WHETSTONE & COSBY
Local employment, a varied mix of old and new homes and a semi rural setting present a wealth of living options in the neighbouring southwest Leicestershire villages of Whetstone and Cosby
Sliced apart by the relentless passage of the M1, these southwest Leicestershire villages offer strong contrasts in their make up.
Six miles from the city centre, Whetstone is a true working village with its own commercial and industrial estate off Cambridge Road.
Two miles west, Cosby is a traditional village noted for its timbered cottages and pretty brook winding through the heart of the settlement. More recent development has lent them the common purpose of satellite villages for commuters.
Residents of both have a full quota of local services and amenities, with excellent transport links and a broad choice of housing. Proximity to the larger townships of Blaby and Wigston provides an even broader range of local shopping and services, including doctors and dentists.
New development in Whetstone has boosted mid to late 20th Century settlement on the village outskirts. Four and five-bedroom homes on the recent Strata Homes Opulence residential scheme on Cambridge Road are now sold.
The old heart of Cosby around The Nook reflects the development of the original agricultural settlement, supplemented by Victorian homes and cottages.
In the 1960s large private housing estates made the village one of Leicestershire’s growing dormitory settlements.
According to Rightmove prices in Whetstone were 3% up on the previous year with most sales being detached homes selling for on average £344,954.
Semi-detached properties fetched an average £190,823, while terraced properties £168,969.
Sale prices in Cosby soared by 25% last year, with most sales again being detached properties, selling for an average £361,596. Semi-detached properties fetched an average £198,163 and terraced properties £188,500.
With an overall average price of £271,434 Whetstone was similar to Cosby, at £266,603, but more expensive than nearby Blaby, at £210,296, Littlethorpe £225,980 and Narborough £241,164.
A modern three-bedroom detached home in Charlton Close, Whetstone, fetched £285,000 in August, having sold for £230,000 in September 2015 and a three-bedroom end terrace in Croft Road Cosby achieved £219,950 in July, its previous sale price being £159,011 in March 2015.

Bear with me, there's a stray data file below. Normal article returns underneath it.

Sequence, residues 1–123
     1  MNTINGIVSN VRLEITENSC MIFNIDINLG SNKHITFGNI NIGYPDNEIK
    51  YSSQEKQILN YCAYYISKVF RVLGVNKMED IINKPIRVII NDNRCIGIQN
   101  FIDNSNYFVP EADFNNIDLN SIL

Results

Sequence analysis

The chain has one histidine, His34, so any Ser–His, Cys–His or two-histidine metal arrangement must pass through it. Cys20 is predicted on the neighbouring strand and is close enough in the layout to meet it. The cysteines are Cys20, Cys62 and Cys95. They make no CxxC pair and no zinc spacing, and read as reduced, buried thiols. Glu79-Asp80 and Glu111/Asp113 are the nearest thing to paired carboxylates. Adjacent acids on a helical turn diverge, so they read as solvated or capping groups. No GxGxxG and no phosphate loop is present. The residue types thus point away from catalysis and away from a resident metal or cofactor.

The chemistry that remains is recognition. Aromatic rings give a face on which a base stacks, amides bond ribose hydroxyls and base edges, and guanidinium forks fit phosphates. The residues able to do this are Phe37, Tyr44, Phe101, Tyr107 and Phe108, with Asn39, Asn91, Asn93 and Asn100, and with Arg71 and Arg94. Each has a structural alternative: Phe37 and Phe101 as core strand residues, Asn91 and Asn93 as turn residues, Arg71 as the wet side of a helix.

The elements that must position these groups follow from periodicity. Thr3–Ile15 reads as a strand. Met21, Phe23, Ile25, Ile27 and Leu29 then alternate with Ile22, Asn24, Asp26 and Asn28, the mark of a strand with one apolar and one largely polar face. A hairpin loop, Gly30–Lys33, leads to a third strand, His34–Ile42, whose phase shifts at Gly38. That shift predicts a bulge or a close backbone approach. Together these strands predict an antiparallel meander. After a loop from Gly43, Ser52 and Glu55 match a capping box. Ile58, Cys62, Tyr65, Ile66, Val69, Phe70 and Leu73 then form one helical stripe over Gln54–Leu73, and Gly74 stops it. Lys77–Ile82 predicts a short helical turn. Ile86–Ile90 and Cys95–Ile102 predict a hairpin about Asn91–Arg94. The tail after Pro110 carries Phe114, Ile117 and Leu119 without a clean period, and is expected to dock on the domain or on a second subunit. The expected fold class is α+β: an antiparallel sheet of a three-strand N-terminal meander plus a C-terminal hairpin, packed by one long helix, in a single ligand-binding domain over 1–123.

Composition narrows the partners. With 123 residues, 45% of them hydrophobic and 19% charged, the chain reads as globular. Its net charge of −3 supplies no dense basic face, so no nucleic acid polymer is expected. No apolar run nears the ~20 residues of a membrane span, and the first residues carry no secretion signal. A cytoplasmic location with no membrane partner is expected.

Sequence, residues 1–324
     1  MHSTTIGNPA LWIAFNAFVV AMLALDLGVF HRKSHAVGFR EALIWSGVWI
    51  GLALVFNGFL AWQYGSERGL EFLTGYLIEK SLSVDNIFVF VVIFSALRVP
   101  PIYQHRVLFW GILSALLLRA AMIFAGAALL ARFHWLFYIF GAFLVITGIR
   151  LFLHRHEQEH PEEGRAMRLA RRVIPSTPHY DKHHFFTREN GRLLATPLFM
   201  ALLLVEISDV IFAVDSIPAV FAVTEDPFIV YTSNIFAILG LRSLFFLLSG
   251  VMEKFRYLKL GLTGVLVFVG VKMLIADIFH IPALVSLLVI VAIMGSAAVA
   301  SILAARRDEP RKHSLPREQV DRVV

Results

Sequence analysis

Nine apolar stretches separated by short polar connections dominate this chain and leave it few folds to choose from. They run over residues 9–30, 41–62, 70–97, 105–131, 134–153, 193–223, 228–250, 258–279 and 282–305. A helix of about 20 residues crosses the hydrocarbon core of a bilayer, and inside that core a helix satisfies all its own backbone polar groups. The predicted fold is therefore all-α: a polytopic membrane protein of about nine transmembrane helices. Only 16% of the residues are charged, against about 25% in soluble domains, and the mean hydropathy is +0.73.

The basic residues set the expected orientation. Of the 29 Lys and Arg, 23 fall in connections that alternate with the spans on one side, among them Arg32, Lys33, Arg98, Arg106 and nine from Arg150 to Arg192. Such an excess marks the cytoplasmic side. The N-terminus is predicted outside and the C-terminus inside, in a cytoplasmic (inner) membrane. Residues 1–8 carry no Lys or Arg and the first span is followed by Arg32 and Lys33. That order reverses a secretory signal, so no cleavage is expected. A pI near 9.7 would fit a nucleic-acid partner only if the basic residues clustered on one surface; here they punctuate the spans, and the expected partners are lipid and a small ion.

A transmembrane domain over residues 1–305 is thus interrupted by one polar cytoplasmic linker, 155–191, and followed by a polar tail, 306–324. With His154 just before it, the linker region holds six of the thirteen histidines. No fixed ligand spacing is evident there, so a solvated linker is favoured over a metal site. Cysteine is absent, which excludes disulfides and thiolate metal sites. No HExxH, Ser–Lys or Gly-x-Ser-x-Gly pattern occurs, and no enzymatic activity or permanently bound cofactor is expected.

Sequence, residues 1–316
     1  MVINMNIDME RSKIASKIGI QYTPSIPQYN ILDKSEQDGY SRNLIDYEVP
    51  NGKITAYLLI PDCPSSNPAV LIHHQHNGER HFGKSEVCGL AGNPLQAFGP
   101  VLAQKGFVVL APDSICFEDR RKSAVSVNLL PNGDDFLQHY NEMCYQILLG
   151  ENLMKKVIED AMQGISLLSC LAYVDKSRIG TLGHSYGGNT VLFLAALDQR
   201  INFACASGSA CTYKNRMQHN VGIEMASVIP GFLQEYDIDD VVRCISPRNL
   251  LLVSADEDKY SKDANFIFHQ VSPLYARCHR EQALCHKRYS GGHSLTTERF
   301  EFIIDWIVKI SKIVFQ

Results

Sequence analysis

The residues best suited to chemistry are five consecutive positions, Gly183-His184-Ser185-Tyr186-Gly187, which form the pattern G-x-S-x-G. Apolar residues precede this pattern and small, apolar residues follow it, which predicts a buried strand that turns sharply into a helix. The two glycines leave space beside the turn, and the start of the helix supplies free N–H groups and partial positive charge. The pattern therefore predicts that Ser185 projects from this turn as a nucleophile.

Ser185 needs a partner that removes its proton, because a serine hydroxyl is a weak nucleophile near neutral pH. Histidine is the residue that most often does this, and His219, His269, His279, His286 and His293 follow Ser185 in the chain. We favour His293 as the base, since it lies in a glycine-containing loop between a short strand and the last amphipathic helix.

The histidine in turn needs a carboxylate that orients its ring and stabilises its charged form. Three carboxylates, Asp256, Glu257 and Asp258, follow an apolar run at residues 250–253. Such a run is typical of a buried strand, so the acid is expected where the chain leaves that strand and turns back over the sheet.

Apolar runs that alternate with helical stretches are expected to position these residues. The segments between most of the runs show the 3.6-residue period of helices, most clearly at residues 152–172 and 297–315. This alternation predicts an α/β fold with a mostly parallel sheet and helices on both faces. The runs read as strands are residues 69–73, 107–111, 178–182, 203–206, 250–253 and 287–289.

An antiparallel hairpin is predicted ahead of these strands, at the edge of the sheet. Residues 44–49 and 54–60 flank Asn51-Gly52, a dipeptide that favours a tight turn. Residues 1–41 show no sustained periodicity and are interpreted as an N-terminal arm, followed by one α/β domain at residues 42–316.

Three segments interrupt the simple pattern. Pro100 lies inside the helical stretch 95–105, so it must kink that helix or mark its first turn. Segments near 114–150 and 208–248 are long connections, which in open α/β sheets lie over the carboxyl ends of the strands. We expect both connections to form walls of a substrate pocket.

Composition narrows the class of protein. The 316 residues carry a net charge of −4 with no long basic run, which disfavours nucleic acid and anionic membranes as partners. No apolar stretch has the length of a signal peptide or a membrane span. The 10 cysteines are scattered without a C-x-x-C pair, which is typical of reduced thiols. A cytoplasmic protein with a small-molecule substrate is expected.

Cosby Primary School, ‘Good’ 2017; Badgerbrook Primary School, Whetstone, ‘Outstanding’ 2011; St Peters Church of England Primary School, Whetstone, ‘Requires Improvement’ 2017.
Thomas Estley Community College, Broughton Astley (11 to 14) ‘Outstanding’ 2010; Countesthorpe Leysland Community College, (11 to 19) ‘Outstanding’ 2013; Lutterworth College, (11 to 19) ‘Good’ 2017 Independent
Brooke House, Rugby and Leicester Grammar schools.
Cosby is particularly well served by individual food outlets and services, including a popular farm shop, a butcher, mini supermarket, pharmacy, post office, hairdressers, fish and chip and Indian takeaways, a café and deli.
There’s also a highly rated Chinese restaurant at Winleys, in The Bull’s Head pub. Whetstone has a farm shop too, plus a convenience store and several pubs and takeaways, including pizza, Chinese, Indian and Thai.
There’s plenty to do in the locality, with rural footpaths and bridleways to explore and two leisure clubs within a ten-minute drive, plus all the leisure amenities of nearby Fosse and Meridian Parks.
The rural setting is verdantly bounded north and south by the cultivated landscape of golf courses at both Whetstone and Cosby, making it easy to get a round in.
Cosby is home to highly successful youth and adult football, rugby and cricket teams, with most home games aptly played at Victory Park. In 2017/18 Cosby rugby club won the Merit C league title and Cosby United FC the Leicester and District Premier Division title.
Whetstone hosts the Vipers Rugby Club and is well served for football, with Blaby and Whetstone Boys,’ Whetstone Juniors’ and Saffron Dynamo clubs to choose from. Holmes Park is the base of Leicester and Rutland County FA and also Leicester City Football Club Under 23s.
The A426 Lutterworth and Rugby road is a fast link to M1 Junction 21 four miles away. Frequent bus services run direct into Leicester and there is also a local rail link to Leicester and Birmingham from nearby Narborough.
The computer performance measurement the Whetstone was named after the Whetstone ALGOL compiler developed by English Electric at its Whetstone factory and thus takes its name from the village. The factory was the original location for Sir Frank Whittle’s jet engine and today’s thriving industrial estate on Cambridge Road is named after him.
The Great Central Railway ran east side of Cosby on an embankment.
Although there was never a station here, this section of the line was notable for the long curve which for northbound trains was to the right (east), coming out of which Leicester would be directly ahead and the route would be ruler straight the rest of the five-mile journey to the city. Railwaymen called the curve Cosby Corner.
After the line closed in 1969 rear gardens of many adjacent homes were extended over the embankment.